Genetically engineered immune cells seem to promote healing in mice infected with a neurological disease similar to multiple sclerosis (MS), cleaning up lesions and allowing the mice to regain use of their legs and tails.
The new finding, by a team of University of Wisconsin School of Medicine and Public Health researchers, suggests that immune cells could be engineered to create a new type of treatment for people with MS.
Currently, there are few good medications for MS, an autoimmune inflammatory disease that affects some 400,000 people in the United States, and none that reverse progress of the disease.
Dr. Michael Carrithers, assistant professor of neurology, led a team that created a specially designed macrophage – an immune cell whose name means "big eater." Macrophages rush to the site of an injury or infection, to destroy bacteria and viruses and clear away damaged tissue. The research team added a human gene to the mouse immune cell, creating a macrophage that expressed a sodium channel called NaVI.5, which seems to enhance the cell's immune response.
But because macrophages can also be part of the autoimmune response that damages the protective covering (myelin) of the nerves in people with MS, scientists weren't sure whether the NaV1.5 macrophages would help or make the disease worse.
When the mice developed experimental autoimmune encephalomyelitis – the mouse version of MS—they found that the NaV1.5 macrophages sought out the lesions caused by the disease and promoted recovery.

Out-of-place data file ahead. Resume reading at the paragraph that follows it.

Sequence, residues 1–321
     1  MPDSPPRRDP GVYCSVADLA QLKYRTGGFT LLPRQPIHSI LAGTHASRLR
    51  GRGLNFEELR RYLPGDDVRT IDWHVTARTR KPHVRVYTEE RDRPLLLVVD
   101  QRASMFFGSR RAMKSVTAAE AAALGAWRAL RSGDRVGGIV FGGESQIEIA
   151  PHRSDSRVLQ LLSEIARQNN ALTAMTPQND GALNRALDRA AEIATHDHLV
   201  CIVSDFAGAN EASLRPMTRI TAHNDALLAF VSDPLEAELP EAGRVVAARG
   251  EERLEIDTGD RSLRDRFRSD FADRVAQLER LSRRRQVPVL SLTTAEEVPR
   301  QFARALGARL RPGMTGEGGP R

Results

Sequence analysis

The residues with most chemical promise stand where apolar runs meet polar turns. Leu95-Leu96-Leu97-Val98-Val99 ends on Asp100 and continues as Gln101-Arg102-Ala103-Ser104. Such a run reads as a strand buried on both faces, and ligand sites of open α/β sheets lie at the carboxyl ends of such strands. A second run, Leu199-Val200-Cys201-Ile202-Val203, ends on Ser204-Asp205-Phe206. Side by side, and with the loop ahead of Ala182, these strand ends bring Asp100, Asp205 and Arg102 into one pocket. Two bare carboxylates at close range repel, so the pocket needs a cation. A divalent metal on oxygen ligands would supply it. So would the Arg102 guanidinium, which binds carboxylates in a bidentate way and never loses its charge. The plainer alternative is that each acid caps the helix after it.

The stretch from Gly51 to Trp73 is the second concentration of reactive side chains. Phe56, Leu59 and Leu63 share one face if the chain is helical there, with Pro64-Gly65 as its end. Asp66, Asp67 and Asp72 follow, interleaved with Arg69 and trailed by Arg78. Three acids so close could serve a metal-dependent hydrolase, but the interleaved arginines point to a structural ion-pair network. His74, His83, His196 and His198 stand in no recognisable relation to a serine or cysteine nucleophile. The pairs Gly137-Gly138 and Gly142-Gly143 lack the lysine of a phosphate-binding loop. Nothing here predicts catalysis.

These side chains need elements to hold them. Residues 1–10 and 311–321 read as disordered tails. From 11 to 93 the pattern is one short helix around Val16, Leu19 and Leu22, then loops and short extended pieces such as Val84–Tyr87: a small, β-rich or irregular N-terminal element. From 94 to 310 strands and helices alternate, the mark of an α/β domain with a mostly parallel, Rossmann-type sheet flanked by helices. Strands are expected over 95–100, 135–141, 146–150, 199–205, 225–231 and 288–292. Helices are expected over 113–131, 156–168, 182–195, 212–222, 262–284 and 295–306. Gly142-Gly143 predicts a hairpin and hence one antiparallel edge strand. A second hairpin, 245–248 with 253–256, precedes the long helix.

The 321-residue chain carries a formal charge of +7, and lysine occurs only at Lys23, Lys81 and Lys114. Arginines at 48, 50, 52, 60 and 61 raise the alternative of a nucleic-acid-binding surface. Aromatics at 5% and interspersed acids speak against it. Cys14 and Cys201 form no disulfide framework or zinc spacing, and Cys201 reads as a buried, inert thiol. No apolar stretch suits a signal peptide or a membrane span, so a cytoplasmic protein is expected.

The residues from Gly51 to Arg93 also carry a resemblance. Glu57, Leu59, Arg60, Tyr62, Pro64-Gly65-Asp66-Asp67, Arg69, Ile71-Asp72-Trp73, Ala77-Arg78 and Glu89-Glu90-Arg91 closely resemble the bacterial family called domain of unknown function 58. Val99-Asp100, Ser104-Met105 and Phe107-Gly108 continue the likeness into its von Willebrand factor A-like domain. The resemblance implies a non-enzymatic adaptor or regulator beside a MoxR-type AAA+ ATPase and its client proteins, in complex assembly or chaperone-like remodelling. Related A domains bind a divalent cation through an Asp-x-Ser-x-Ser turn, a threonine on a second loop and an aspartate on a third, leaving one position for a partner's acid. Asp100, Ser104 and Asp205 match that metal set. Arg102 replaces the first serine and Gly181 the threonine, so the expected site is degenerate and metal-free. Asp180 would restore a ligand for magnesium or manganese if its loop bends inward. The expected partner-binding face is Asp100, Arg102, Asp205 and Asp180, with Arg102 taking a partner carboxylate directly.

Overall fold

"This finding was unexpected because we weren't sure how much damage they would do, versus how much cleaning up they would do,'' Carrithers says. "Some people thought the mice would get more ill, but we found that it protected them and they either had no disease or a very mild case."
In follow-up experiments, regular mice that do not express the human gene were treated with the NaV1.5 macrophages after the onset of symptoms, which include weakness of the back and front limbs. The majority of these mice developed complete paralysis of their hindlimbs. Almost all of the mice that were treated with the Na1.5 macrophages regained the ability to walk. Mice treated with placebo solution or regular mouse macrophages that did not have NaV1.5 did not show any recovery or became more ill. In treated mice, the research team also found the NaV1.5 macrophages at the site of the lesions, and found smaller lesions and less damaged tissue in the treated mice.
Because the NaV1.5 variation is present in human immune cells, Carrithers says, "The questions are, 'Why are these repair mechanisms deficient in patients with MS and what can we do to enhance them?' '' He says the long-range goal is to develop the NaV1.5 enhanced macrophages as a treatment for people with MS.
Carrithers is a neurologist who treats patients with multiple sclerosis at University of Wisconsin Hospital and Clinics and the William S. Middleton Veterans' Hospital in Madison. His research team includes Kusha Rahgozar, Erik Wright and Lisette Carrithers. The research was supported by a prior National MS Society research grant and a current VA Merit Award from the Biomedical Laboratory Research and Development service of the Department of Veterans Affairs (7784115).
The study is being published in the June issue of the Journal of Neuropathology and Experimental Neurology.